While Ant-Man floats in the endless expanse of the Marvel Universe Quantum Realm, scientists like Professor Nadya Mason at the University of Illinois at Urbana-Champaign work diligently to discover what the rules of quantum mechanics really are.
“One is that my own research is on quantum mechanical properties of materials and devices: how do electronics change when you consider quantum mechanics?” Mason explained. “The other proximate inspiration from my talk is that I saw the most recent Ant Man movie. In the movie, quantum mechanics plays a huge part. There’s a quantum tunnel, and they go into the quantum realm, and they can’t get back out. I thought it was really interesting.”
Join us for a discussion of what quantum mechanics is, how it can be used, and the mind-blowing relationships between atoms separated by large distances.
Dino Tripodis started gracing Columbus radio nearly 25 years ago as part of the Dino and Stacy duo, and he’s transitioned to podcasting with Whiskey Business, more writing, and a return to stand up comedy. He dropped by WCBE recently to update me on his latest adventures.
The universe is endlessly vast and can seem incomprehensible. However, it’s not as incomprehensible as you might think. In his book Your Place in the Universe: Understanding Our Big, Messy Existence, astrophysicist Paul M. Sutter explains a lot about what we know of the universe. In my interview with him, we discuss the Big Bang, the Singularity, the Cosmic Web, dark matter and dark energy, and what the end of the universe might be like. So take a listen, and I hope your mind will be as blown as mine was.
I find dystopian novels one of the most interesting forms of science fiction. From 1984 to Fahrenheit 451, authors have created futures that we fear may come to pass (if they haven’t already). Margaret Peterson Haddix is known for her juvenile and young adult series. In the Children of Exile series, she envisions a dystopian future that is still suitable for children. Join us for a discussion of Children of Jubilee, the final book in the series; her inspirations and writing process in making believable child characters; and why even children are interested in dystopian fiction. Just make sure that Big Brother isn’t listening as well.
Almost everyone has seen the hilarious comedy Monty Python and the Holy Grail. From the Black Knight, the Taunting Frenchman, and the importance of knowing the airspeed velocity of an unladen swallow, the film’s many funny moments have a place in the hearts of multiple generations. Eric Idle’s musical comedy Spamalot adapts the movie for the stage and plays Columbus this month.
Troy Bruchwalski plays The Black Knight and Sir Dennis Galahad, The Dashingly Handsome among others. We discuss some of differences between the play and film, how he prepared for his role, and what it is like to be in a traveling production of a Broadway musical.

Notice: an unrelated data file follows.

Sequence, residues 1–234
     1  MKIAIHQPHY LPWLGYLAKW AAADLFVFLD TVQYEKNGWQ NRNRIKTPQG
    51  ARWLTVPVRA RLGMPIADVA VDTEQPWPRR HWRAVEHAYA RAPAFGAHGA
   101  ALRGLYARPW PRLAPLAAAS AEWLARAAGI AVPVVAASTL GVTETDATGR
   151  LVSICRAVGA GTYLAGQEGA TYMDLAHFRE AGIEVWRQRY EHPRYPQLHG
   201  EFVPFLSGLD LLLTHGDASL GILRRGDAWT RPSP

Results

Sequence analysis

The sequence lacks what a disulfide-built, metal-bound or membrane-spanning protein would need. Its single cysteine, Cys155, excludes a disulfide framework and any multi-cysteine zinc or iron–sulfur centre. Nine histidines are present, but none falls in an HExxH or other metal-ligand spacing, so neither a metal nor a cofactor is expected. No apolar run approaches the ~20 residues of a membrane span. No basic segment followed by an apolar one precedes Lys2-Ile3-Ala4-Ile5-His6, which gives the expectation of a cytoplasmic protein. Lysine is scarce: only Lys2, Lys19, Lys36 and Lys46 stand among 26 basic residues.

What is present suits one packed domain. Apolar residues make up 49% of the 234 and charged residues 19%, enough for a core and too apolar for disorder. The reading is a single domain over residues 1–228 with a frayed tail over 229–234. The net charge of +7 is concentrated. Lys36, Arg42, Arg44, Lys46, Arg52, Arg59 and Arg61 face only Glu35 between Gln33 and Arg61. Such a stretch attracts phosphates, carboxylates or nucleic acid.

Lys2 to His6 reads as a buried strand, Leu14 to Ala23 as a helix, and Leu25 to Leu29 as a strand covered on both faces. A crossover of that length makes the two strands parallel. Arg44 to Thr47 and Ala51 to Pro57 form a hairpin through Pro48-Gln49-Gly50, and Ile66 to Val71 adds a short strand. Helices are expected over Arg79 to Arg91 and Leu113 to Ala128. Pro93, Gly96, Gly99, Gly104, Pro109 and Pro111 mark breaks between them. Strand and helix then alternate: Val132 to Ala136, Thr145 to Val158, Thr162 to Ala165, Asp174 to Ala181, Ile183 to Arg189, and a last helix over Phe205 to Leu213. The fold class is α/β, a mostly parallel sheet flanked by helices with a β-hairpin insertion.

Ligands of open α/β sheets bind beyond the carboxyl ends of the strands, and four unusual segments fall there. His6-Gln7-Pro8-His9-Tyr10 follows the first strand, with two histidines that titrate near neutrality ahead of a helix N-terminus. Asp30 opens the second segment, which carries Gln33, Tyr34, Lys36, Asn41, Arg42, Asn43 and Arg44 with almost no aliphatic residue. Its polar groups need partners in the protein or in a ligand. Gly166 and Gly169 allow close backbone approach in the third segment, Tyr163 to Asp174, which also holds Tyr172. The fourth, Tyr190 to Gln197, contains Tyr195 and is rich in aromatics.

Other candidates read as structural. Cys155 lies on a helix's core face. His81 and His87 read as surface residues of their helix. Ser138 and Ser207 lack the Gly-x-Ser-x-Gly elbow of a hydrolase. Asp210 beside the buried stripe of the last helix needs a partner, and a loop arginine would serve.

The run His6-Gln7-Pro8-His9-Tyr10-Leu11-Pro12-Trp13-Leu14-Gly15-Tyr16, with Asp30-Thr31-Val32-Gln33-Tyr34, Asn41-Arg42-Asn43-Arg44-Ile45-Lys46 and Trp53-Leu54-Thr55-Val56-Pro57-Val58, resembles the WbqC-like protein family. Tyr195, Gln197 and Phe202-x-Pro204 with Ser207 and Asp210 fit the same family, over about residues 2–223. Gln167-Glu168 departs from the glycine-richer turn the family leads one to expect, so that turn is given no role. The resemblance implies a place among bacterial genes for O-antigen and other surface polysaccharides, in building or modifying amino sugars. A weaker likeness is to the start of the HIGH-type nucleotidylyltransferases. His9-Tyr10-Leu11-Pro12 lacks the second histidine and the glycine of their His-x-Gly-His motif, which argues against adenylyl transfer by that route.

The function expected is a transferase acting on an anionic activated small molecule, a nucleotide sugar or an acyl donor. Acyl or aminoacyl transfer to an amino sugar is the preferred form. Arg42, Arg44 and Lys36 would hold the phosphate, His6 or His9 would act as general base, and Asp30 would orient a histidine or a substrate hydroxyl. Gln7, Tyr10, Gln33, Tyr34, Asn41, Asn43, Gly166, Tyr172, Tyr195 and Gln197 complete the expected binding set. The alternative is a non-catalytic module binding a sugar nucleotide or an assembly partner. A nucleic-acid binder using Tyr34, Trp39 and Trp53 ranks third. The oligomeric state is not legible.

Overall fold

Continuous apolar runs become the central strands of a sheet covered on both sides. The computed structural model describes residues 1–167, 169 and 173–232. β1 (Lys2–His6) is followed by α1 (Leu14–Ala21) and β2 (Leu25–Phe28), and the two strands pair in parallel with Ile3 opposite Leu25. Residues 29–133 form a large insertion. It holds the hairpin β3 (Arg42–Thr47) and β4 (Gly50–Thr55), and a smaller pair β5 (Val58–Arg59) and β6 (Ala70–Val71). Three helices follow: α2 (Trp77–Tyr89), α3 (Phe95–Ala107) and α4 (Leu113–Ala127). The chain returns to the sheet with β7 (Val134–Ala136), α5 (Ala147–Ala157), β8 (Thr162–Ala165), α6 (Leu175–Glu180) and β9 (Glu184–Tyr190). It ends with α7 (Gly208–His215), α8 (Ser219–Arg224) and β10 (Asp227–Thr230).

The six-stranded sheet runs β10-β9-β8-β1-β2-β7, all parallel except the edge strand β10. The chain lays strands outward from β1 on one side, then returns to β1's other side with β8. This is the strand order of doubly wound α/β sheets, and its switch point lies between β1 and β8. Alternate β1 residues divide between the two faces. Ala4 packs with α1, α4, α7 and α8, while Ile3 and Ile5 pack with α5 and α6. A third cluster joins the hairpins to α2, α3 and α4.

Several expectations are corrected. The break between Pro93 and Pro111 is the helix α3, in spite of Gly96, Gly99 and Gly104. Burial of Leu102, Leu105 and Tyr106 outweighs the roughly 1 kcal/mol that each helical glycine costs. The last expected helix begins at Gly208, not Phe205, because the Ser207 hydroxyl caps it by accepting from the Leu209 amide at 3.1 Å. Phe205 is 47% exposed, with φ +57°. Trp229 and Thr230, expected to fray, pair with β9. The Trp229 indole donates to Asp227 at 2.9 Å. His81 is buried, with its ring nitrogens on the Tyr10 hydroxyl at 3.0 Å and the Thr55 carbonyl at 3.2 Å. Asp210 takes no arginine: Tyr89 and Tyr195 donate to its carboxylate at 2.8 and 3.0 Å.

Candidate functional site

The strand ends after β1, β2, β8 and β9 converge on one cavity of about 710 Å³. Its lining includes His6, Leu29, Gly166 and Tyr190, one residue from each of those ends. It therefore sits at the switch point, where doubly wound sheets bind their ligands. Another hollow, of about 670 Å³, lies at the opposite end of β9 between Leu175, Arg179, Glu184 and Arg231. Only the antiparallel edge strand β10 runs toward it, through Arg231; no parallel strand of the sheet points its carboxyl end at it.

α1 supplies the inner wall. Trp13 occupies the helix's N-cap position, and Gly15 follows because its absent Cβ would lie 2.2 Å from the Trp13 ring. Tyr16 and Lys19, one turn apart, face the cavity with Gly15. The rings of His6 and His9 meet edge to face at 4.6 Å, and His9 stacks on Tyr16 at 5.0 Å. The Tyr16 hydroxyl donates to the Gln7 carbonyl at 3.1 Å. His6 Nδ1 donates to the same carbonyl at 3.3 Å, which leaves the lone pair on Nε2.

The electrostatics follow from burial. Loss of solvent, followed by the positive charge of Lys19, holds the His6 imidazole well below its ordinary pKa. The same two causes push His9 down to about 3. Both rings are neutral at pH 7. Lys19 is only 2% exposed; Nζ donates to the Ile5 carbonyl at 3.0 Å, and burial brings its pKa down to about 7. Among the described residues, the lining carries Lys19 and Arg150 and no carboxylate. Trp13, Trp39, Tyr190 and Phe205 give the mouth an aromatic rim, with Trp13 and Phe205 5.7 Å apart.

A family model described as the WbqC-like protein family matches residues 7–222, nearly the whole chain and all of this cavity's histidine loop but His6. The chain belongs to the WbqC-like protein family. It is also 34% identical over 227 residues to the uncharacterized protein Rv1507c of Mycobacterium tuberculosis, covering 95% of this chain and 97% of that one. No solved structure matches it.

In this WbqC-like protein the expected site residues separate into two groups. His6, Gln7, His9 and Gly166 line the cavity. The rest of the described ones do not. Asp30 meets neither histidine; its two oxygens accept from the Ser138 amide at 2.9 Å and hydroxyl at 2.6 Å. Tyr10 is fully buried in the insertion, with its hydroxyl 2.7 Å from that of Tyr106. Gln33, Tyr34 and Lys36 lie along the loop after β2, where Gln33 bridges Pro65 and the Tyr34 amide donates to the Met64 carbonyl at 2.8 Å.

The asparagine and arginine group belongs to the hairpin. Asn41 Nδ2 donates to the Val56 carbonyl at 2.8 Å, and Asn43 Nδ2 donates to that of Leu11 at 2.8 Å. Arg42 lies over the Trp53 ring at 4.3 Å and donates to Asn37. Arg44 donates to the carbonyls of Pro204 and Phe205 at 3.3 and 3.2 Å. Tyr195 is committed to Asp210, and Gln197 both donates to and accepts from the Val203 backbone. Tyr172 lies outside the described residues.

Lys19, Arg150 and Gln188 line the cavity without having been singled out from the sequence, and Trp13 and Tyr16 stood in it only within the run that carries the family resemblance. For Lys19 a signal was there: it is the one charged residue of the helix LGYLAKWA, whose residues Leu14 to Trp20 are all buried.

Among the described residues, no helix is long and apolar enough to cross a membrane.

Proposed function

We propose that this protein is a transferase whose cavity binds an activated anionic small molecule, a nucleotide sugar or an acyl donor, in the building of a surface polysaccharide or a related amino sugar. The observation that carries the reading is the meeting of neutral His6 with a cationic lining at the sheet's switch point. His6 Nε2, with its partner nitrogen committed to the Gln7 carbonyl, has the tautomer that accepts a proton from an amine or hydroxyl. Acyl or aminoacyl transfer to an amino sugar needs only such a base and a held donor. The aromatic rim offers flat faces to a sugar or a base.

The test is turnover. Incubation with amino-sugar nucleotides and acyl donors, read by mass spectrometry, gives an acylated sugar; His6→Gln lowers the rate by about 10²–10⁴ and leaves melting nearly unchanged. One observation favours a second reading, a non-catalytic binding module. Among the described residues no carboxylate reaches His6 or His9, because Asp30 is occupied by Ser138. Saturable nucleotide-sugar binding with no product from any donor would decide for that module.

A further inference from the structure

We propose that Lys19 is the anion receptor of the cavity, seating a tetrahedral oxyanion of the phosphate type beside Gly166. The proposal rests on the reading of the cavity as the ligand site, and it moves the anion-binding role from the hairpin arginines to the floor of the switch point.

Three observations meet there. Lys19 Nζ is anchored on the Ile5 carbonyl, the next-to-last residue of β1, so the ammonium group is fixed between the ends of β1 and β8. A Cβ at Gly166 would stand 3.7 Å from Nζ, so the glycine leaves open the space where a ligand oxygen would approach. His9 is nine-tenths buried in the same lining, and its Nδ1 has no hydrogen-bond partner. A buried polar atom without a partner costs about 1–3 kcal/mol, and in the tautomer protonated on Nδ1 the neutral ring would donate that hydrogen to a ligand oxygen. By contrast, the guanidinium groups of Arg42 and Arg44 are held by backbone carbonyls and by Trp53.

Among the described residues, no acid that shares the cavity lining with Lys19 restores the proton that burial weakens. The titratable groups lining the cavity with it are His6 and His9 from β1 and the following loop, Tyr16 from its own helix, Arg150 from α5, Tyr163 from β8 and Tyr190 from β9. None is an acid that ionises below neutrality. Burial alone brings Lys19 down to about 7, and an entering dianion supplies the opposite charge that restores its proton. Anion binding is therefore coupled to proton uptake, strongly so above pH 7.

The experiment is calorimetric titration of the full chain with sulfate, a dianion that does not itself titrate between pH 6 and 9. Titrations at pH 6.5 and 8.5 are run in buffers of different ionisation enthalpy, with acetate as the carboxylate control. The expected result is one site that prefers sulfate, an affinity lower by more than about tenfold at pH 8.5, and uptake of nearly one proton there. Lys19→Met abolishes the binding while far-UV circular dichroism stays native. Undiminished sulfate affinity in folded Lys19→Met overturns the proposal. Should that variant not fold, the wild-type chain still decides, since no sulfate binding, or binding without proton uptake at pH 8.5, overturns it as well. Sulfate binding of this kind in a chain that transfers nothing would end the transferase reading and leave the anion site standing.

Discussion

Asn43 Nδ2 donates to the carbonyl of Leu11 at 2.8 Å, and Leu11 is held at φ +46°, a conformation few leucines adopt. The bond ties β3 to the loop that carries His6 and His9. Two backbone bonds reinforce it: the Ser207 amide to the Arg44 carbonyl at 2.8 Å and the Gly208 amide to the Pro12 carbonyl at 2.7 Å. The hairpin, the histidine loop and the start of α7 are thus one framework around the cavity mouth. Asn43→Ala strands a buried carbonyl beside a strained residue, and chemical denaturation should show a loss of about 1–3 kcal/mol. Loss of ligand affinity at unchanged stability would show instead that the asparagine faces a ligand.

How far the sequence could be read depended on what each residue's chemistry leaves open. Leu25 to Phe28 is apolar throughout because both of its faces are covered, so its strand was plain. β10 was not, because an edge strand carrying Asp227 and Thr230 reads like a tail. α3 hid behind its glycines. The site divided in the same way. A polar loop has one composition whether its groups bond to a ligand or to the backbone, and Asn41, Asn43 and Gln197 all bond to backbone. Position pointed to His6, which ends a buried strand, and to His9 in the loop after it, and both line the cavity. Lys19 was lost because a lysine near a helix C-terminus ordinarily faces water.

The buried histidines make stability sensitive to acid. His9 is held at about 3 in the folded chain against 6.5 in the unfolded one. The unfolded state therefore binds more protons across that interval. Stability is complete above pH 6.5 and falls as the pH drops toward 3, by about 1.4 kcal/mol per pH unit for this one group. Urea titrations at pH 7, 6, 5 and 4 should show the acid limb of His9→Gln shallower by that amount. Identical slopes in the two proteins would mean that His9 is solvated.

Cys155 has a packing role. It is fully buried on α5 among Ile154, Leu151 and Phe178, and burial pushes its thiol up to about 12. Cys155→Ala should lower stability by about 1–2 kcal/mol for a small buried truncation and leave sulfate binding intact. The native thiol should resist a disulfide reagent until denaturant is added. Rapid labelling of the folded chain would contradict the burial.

“I never learned to do taxes at school but I know the mitochondria is the powerhouse of the cell.” The phrase “the mitochondria is the powerhouse of the cell” has become a common punchline in a lot of jokes online, but how much do people really know about mitochondria? Michael W. Gray gives Craft the chance to learn about some of the theories surrounding this organelle, particularly the fact that the mitochondria very likely started off as a separate bacteria that was absorbed by cells a long time ago. He will be giving a talk at Science Sundays on November 18th on the different theories surrounding mitochondria from 3-5 at the Ohio Union Bank Conference Theatre.
It’s here again: Halloween, that time of year when Craft goes a little crazy and gives the world a variety of questionable stories and interviews. We cover all the greatest Halloween hits: cannibalism, zombies, serial killers, where to buy super science supplies, and the scariest of all – politics.
My thanks to great help from Sam Bloch, J. Randall Hicks, David Lindstedt, Bryce Meade, Cody McNulty, and Craft intern David Perfect.
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Buy the songs and books from this episode by clicking on the icon below and a portion of your purchase will go to brain cancer research. It’s the best way to get music for your Halloween party!
Ohio author Celeste Ng is the 2018 Ohioana Fiction Award winner for her book Little Fires Everywhere. Listen in as we discuss what it’s like to win an Ohioana award; how she ensured that she got the details right about the setting for her novel, Shaker Heights, Ohio; and how she deals with seeing her own books or those of her friends in a bookstore.
Did your school have mandatory square dancing lesson? Mine did, which may be why I’ll never wear western plaid again.
Humorist and participatory journalist Henry Alford has not only written for The New York Times, The New Yorker, McSweeney’s, Vanity Fair, and the Paris Review but also survived elementary school square dancing lessons. His most recent book, And Then We Danced, details his recent experiences to recover from enjoy dancing lessons. Listen in while he describes the process, including his now-signature move while doing contact improv.
Alford won a Thurber Prize for his book Big Kiss, which detailed his acting career. Other books include How To Live: A Search For Wisdom From Old People (While They Are Still On This Earth) and Would It Kill You To Stop Doing That?: A Modern Guide To Manners.